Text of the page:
Prince Harry has urged the Commonwealth, which his grandmother heads, to acknowledge its uncomfortable colonial past, in video extracts published on Monday.
The 35-year-old royal and his wife, Meghan, joined a video conference call with leaders organised by the Queen’s Commonwealth Trust (QCT) from their base in the United States.
The sessions were set up in response to the growing Black Lives Matter movement, sparked by the death of George Floyd, an unarmed black man, during a US police arrest.
Harry last week outlined his personal commitment to tackling institutional racism, saying it had “no place” in society but was still too widespread.
On the July 1 call, posted on the QCT website, he said: “When you look across the Commonwealth, there is no way that we can move forward unless we acknowledge the past. So many people have done such an incredible job of acknowledging the past and trying to right those wrongs but I think we all acknowledge there is so much more still to do.”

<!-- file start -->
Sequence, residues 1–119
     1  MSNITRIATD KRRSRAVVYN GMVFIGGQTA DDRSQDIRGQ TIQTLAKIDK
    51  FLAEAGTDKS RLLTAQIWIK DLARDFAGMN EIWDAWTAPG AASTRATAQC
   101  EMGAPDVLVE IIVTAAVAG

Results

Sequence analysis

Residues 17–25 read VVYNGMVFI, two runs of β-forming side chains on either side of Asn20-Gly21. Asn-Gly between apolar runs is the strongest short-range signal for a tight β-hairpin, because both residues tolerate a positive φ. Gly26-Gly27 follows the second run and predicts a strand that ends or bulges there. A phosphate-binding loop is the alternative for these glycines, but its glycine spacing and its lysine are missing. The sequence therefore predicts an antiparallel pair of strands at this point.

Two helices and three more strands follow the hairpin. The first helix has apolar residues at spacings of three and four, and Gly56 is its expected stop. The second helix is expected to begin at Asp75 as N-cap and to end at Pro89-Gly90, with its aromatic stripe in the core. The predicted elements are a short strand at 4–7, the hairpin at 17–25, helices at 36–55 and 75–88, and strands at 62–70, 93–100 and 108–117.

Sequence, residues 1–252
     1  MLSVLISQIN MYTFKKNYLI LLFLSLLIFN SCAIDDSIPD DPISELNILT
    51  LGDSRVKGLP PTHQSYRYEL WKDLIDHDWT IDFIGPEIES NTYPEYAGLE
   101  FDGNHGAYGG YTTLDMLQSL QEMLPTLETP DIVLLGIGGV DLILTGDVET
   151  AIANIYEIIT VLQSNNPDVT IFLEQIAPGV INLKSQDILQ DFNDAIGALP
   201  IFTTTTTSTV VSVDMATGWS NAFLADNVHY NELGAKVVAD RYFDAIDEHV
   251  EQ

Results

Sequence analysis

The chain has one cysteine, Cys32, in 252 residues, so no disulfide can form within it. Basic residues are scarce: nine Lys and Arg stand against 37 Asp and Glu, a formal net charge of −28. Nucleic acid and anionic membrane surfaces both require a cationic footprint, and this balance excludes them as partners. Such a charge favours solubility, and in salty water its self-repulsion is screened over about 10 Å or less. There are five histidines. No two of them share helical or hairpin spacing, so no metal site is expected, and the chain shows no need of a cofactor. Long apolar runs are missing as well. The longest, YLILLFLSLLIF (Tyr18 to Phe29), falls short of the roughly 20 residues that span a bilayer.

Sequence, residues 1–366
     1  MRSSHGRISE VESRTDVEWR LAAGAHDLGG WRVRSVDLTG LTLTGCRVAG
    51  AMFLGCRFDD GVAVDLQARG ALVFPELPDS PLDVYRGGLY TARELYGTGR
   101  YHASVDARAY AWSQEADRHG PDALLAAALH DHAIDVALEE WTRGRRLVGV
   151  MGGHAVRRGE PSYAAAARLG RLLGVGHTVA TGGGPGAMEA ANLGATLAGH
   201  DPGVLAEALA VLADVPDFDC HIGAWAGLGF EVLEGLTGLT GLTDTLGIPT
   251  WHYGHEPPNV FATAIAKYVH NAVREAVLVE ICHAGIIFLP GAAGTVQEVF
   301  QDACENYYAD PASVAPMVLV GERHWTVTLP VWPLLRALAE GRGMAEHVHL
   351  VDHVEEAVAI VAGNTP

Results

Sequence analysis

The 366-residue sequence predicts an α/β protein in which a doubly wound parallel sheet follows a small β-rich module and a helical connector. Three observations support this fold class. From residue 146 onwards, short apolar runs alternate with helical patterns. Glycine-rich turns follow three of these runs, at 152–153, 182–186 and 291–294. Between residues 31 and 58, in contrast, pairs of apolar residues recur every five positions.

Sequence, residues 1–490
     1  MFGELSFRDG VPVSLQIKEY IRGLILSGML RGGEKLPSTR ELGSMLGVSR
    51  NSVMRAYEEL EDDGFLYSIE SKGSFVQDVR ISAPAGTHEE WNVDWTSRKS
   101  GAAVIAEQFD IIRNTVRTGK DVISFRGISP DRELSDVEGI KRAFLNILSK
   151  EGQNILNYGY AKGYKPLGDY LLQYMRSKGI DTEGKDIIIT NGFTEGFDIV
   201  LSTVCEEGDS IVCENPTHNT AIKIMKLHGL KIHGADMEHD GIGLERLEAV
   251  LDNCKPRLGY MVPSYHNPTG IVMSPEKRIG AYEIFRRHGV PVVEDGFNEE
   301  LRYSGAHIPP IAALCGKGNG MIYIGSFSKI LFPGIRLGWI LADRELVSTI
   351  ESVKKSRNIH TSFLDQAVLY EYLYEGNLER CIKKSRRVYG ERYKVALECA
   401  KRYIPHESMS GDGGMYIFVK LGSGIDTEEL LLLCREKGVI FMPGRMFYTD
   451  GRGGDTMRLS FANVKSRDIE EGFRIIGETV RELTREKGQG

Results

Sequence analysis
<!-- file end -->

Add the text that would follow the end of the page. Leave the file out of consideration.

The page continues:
“It’s not going to be easy and in some cases it’s not going to be comfortable, but it needs to be done, because, guess what, everybody benefits.”
Meanwhile, Markle said: “We’re going to have to be a little uncomfortable right now because it’s only in pushing through that discomfort that we get to the other side of this and find the place where a high tide raises all ships.
“Equality does not put anyone on the back foot, it puts us all on the same footing, which is a fundamental human right,” she added.
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Queen Elizabeth II is the head of the Commonwealth, a non-political organisation of 54 countries, most of which have links to the British Empire. Pakistan is also part of the Commonwealth. It comprises of 2.4 billion people — a quarter of the world’s population — of which 60 percent are aged under 30.
The QCT was set up to give younger people from member nations a platform to share ideas and insights. The couple is president and vice-president respectively of the QCT.
The chief executive of the QCT, Nicola Brentnall, has said the body is studying how the Commonwealth’s colonial past and its legacy should shape its future.
Harry and Meghan stepped down from frontline royal duties this year and have set up a non-profit organisation focusing on the promoting of mental health, education and well-being.